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Railway strike threatens to become labor-government war

Railway strike threatens to become labor-government war

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Published : 2013-12-24 20:36
Updated : 2013-12-24 20:36

Leaders of the Korean Confederation of Trade Unions chant at a news conference Tuesday to denounce Sunday’s police raid on its headquarters. (Yonhap News)

The railway union’s strike continued to grow Tuesday, bringing the Korean Teachers and Education Workers’ Union into the fray as the police sought a detention warrant for its chief Kim Jeong-hoon.

Kim was taken into custody on Sunday during the police’s attempt to arrest railway union leaders from the Korean Confederation of Trade Unions’ headquarters in Seoul.

Although large number of unionists were taken into custody for blocking the police from entering the KTCU office, a detention warrant has been requested for Kim only.

Despite deploying thousands of police officers and spending most of the day on the raid, the railway union leaders were not found at the KTCU office, fueling criticism of incompetence and claims that the Park Geun-hye administration was establishing a police state.

The raid has also prompted the KTCU to declare war against the administration and plans to go on a general strike from Dec. 28 to call for the president’s resignation.

The more moderate Federation of Korean Trade Unions has also declared that it would join the strike, saying that the situation was not limited to the KTCU.

Together, the two umbrella unions amount to about 1.7 million members.

The railway union has staged a general strike since Dec. 9 in protest of state-run train operator KORAIL’s plans to set up a subsidiary to operate a new KTX bullet train route, saying that the measure was a step toward railway privatization.

Passenger train operations have since dropped to about 70 percent of normal levels, while freight train operations dropped to 30.1 percent.

The political parties have also taken up sides in the railway strike union, stepping up their attacks against each other following Sunday’s raid.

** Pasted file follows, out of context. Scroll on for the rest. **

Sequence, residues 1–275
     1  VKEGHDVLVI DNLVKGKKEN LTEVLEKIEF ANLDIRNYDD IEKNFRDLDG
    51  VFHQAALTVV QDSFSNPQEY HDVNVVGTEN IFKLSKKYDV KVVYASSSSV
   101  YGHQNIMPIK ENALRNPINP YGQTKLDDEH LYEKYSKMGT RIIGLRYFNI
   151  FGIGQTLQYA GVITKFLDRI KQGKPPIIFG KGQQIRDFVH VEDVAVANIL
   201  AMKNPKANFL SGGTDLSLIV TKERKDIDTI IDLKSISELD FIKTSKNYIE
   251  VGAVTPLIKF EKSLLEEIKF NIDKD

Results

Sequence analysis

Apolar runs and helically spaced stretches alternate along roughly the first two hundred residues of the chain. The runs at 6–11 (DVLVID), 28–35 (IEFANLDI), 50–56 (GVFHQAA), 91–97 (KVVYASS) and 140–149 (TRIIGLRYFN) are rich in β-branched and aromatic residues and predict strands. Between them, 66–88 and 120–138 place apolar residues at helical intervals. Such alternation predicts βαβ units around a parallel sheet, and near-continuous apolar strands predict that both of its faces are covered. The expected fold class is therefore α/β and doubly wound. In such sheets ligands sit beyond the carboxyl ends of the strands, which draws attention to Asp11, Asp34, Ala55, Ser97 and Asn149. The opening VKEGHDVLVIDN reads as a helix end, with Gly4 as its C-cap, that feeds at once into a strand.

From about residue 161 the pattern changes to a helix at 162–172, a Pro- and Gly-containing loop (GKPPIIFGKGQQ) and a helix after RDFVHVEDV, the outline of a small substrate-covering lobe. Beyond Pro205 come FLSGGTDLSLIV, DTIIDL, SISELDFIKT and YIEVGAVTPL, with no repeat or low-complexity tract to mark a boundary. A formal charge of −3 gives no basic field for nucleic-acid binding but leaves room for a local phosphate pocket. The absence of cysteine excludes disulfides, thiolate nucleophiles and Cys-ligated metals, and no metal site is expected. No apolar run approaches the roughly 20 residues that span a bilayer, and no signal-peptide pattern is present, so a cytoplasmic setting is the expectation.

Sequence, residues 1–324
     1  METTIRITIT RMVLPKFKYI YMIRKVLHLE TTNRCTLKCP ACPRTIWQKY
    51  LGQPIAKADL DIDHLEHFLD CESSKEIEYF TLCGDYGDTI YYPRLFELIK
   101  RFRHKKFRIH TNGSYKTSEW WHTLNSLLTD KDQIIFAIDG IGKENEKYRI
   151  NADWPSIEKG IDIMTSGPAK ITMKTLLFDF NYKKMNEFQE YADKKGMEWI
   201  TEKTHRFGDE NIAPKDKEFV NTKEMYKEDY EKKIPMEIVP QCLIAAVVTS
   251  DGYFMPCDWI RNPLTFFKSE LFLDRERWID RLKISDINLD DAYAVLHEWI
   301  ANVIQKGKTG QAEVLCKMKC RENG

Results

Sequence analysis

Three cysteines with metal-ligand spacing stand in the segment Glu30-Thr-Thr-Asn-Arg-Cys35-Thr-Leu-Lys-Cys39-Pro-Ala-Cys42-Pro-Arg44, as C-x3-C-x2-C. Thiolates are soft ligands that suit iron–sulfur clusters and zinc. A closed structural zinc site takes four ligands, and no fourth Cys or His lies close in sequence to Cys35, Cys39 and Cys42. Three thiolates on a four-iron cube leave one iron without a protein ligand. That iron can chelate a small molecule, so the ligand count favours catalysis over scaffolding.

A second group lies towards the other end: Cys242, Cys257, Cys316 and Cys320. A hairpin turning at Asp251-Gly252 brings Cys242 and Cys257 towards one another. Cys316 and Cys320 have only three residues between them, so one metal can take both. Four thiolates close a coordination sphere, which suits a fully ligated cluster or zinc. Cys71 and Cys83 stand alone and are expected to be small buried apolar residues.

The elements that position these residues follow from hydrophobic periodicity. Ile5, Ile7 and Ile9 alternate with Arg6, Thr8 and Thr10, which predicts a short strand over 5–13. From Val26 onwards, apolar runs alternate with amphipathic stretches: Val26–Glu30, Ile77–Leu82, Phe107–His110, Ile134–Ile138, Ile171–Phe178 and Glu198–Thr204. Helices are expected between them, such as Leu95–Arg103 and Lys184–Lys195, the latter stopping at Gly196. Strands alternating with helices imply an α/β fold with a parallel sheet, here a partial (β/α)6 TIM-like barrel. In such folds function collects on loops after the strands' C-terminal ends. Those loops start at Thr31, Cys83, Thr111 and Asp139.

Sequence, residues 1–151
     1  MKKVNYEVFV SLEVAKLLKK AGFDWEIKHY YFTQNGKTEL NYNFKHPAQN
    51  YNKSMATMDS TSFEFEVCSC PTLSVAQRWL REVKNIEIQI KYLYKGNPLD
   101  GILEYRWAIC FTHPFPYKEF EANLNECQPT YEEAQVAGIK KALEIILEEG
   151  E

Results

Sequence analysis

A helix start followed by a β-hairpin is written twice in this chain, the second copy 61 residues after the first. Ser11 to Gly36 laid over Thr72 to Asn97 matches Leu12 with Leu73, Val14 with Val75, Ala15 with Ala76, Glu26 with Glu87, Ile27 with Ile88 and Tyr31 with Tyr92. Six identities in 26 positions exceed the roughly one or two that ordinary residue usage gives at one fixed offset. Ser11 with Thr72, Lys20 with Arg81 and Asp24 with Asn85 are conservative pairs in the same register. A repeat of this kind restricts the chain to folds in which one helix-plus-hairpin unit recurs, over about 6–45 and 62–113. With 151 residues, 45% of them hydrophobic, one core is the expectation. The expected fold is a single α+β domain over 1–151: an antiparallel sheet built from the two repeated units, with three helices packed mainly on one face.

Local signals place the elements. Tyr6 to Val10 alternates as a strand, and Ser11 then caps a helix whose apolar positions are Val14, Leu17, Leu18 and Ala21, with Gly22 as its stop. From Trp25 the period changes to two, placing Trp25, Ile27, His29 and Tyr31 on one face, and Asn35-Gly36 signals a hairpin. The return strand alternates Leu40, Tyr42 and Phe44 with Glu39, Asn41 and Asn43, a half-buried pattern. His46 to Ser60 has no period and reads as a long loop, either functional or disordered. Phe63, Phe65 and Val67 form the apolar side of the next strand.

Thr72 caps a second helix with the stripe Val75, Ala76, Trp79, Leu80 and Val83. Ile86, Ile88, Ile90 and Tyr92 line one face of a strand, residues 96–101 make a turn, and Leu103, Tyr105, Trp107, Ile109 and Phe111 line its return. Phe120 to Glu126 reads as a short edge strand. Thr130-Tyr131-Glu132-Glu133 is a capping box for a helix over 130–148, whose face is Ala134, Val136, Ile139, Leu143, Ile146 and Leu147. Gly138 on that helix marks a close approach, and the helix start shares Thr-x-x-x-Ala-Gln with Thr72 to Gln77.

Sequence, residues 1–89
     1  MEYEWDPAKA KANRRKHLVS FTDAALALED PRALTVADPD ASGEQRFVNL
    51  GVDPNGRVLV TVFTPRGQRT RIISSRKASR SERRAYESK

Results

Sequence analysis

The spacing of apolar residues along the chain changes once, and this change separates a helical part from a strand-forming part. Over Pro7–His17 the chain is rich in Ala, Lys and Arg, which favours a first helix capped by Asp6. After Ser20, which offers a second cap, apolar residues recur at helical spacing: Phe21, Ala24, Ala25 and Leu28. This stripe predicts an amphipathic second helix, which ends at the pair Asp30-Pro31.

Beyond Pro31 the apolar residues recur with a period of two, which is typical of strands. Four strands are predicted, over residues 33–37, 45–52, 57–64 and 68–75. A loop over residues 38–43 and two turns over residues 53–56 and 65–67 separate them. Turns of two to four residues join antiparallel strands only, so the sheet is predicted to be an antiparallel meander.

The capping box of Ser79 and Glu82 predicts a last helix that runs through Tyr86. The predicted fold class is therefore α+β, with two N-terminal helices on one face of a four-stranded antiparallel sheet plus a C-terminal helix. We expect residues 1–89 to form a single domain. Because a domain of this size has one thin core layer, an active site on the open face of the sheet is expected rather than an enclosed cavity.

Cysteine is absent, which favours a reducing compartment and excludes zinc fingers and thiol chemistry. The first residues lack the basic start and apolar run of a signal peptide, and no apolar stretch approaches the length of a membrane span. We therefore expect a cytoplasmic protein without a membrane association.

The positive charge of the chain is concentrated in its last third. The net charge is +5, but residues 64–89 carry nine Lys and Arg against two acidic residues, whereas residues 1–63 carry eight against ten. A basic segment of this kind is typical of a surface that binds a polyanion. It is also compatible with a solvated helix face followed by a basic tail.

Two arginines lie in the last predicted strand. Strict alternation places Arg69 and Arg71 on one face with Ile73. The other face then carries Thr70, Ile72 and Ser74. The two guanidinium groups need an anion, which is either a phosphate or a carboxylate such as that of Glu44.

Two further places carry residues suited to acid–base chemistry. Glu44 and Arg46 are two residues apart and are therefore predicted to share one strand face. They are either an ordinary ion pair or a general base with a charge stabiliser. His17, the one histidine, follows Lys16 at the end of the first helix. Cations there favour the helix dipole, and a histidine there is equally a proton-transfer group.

“The railway strike, which was aimed at protecting the iron bowl, is becoming a political strike as the forces that deny the election result have formed a combined front with the railway union,” ruling Saenuri Party floor leader Rep. Choi Kyung-hwan said Tuesday. “Iron bowl” is a term referring to vocations with high job security.

He added that the main opposition Democratic Party was the “original” instigator in reforming the railway system, citing related developments from the Kim Dae-jung and Roh Moo-hyun administrations.

“(I) emphasize again that hard-line nongovernmental organizations and the KTCU, which are transforming the railway strike into a campaign to overturn the administration, cannot stand above the law.”

Meanwhile, the DP continued its attack on the government and the ruling party.

“The Park Geun-hye administration is now against the common people. Railway and health care privatization cannot be accepted under any circumstances,” DP floor leader Rep. Jun Byung-hun said.

“President Park Geun-hye’s uncommunicativeness is pushing laborers to the brink. It causes talks to stop, justifies the police forcing their way into the KTCU and becomes the order for oppressing KORAIL workers.”

DP secretary-general Rep. Park Ki-choon also claimed that Park’s plans to offer a special pardon early next year was an attempt at appeasing the public.

Prime Minister Chung Hong-won played down the railway union’s claims of railway privatization, saying that it was not an issue.

“The government has repeated several times its position that the railway will not be privatized. The railway union should stop repeating claims that have already been accepted, and return to work immediately,” Chung said at Tuesday’s Cabinet meeting.

By Choi He-suk (cheesuk@heraldcorp.com)

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